REGION Ė As the reports of "snowmageddons" and "snowpocalypses" hitting the east coast have remained constant over the last several weeks, the mid-Hudson region has gotten away relatively unscathed ó until now, of course.
According to Central Hudson Gas & Electric Corporation, the nor'easter that swept its way through the area on Tuesday left approximately 85,000 customers without power. The company warned its customers "who live in hardest-hit areas, particularly those in remote locations, that they may be without power for several days and that they should make alternate arrangements for shelter."
"So far this is comparable to the ice storm in 2008, but complicating this storm is the arrival of a second storm forecasted to impact our region tomorrow [Thursday] into Friday," said John Maserjian, Central Hudson's director of media relations on Wednesday morning. "At this point, we are in what we call damage assessment mode, where our crews and other employees are actually out in the field, looking at the damage, and developing a strategy on how we're going to be restoring service in the fastest and safest amount of time."
The northern and northwestern parts of Central Hudson's service area were hardest hit by the storm. As of Wednesday afternoon, the company said that 30,000 customers in Ulster County were without power, while Dutchess and Columbia counties were suffering 33,000 outages. Greene County had 16,000 customer power outages, while 7,000 of its Orange County customers were still in the dark.
According to the Ellenville Fire Department, a total of eight transformers exploded during the evening's storms, leading to the widespread outages.
"Pretty much everybody in the Village of Ellenville was without power until this morning, but half of the people are still out of power," said Ellenville's assistant fire chief Jody Krom on Wednesday morning.
The Ulster County chapter of the American Red Cross opened up its overnight shelter at the Kerhonkson Firehouse on Wednesday to assist those left without power from the storms. Thankfully, as of press time, there have been no reported injuries as a result of the weather, but the Town of Wawarsing's highway crew has been working around the clock since the first heavy flurries began to fall on Tuesday morning.
"The last couple days have been hectic," said Highway Superintendent Tony Paes on Wednesday at around noon. "We came in yesterday [Tuesday] morning at 4 a.m., and we left here at, I think it was 9:30Ö. I got a telephone call at 11:35 that there were trees on Continental Road, so we came back, I took a little ride around, and I ended up bringing the guys back to work here at 1 o'clock this morning. And we've been going ever since.
"I don't like keeping these guys out that late. They've got to have some downtime. You get them out there too long a time, things happen, accidents happen. And I don't want accidents to happen," added Paes, who said that many of his workers would be resting up on Wednesday to prepare for the coming storm predicted for Thursday and Friday. Paes also said that the main project for the crew was cleaning trees and downed power lines off the roads across town.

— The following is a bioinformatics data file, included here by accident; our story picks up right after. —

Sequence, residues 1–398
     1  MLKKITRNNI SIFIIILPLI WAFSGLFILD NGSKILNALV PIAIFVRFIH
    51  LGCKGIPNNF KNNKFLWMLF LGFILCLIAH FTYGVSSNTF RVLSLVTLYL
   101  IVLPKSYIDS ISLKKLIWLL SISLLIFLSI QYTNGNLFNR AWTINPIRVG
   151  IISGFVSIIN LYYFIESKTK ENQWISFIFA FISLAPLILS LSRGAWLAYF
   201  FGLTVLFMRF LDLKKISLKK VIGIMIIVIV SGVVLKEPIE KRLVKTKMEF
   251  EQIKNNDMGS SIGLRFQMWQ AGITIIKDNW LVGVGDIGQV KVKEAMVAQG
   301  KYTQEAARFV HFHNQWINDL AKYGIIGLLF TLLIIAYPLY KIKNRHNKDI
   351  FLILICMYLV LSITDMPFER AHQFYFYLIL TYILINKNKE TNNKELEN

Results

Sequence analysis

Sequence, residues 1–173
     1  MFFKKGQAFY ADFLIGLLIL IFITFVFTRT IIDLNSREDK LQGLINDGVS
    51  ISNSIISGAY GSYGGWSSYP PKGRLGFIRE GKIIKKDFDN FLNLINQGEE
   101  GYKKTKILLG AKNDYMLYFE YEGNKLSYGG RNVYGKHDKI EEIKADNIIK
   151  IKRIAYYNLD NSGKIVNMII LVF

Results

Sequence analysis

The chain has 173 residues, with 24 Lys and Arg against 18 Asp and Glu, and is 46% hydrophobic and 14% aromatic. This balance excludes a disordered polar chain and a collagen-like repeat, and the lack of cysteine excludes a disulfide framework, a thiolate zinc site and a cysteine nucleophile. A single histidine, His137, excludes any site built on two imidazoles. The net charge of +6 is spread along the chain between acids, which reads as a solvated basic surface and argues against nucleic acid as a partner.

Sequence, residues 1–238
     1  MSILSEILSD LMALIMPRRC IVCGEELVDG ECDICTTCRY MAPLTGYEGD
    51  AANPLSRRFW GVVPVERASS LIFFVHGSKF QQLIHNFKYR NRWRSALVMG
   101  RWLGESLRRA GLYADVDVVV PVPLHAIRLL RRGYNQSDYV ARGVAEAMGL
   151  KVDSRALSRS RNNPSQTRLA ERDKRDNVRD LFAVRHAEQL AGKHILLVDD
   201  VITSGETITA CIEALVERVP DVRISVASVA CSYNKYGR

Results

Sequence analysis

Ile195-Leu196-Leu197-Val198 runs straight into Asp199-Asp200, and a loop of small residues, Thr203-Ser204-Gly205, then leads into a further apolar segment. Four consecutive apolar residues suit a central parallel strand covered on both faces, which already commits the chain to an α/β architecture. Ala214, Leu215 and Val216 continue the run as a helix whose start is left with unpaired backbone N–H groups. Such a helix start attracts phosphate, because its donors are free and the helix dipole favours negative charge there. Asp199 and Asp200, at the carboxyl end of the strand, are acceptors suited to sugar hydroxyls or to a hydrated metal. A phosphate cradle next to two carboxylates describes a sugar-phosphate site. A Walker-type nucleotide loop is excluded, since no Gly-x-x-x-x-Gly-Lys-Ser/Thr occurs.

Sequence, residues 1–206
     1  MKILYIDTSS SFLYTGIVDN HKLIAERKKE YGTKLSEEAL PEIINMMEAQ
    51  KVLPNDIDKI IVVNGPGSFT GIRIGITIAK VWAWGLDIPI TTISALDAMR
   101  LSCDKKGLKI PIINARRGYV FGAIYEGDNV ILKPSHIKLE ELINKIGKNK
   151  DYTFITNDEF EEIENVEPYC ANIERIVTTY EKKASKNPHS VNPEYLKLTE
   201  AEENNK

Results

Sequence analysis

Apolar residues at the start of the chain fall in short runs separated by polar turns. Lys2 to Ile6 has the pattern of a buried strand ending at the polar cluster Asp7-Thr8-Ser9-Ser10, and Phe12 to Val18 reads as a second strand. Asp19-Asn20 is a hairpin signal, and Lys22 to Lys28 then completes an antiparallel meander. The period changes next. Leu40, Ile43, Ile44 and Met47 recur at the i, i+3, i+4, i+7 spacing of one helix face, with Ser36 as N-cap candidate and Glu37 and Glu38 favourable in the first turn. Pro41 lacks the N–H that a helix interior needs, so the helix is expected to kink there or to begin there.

Central Hudson's Maserjian discussed how the company is preparing for the storm predicted for the coming days by seeking assistance outside the area.
"We've contracted with about 30 electric contract crews, and 30 line clearance crews from private companies to assist in our restoration efforts," he said, adding that Central Hudson's storm budget contingency fund will pay for the independent contractors. "We're also reaching out to utilities in the south and west to see if they have crews available to assist us, although at this point they may be concerned about the storm that will be arriving tomorrow and Friday, so we may not hear back from them until they have a clear understanding of how that weather will impact their regions."
So far, it seems, the customers served by Orange & Rockland Utilities (O&R) may have dodged the bullet that hit Central Hudson's patrons. Mike Donovan, a spokesman for O&R, said on Wednesday that Orange County had only a handful of outages. He did say, however, that Sullivan County was hit much harder, with approximately 5,500 losing power, 500 of which were in the Town of Mamakating.
"The further north you go in our service territory, the worse it gets," Donovan said.
He said that the company pulled all available field employees into the affected area, and that they will be working overtime to return service to those customers who are without power. Barring any unforeseen circumstances, power should be back no later than midnight Wednesday night. Donovan also said that O&R is doing everything it can to prep for the next storm (due on Thursday) by prepositioning supplies that could be needed by field crews.
As for Wednesday's storm, Donovan said that crews were, for a time, finding it difficult to reach certain areas, as the number of downed trees made navigating the roads in Sullivan County particularly difficult.
"It was the trees that really killed us," he said. "We had a lot of big pine trees down."
Donovan said that crews, as they are repairing damaged portions of the system, were also doing drive-by inspections looking for other potential problems, such as low-hanging tree limbs. He said that the lack of heavy, wet snow this season means that there were, and perhaps still are, a lot of weakened limbs that are poised to come down.
He also said that O&R is keeping its fingers crossed that the Thursday storm turns out to be less severe than predicted.
"It's the only time that we don't object to [the weather forecast] being wrong," he said.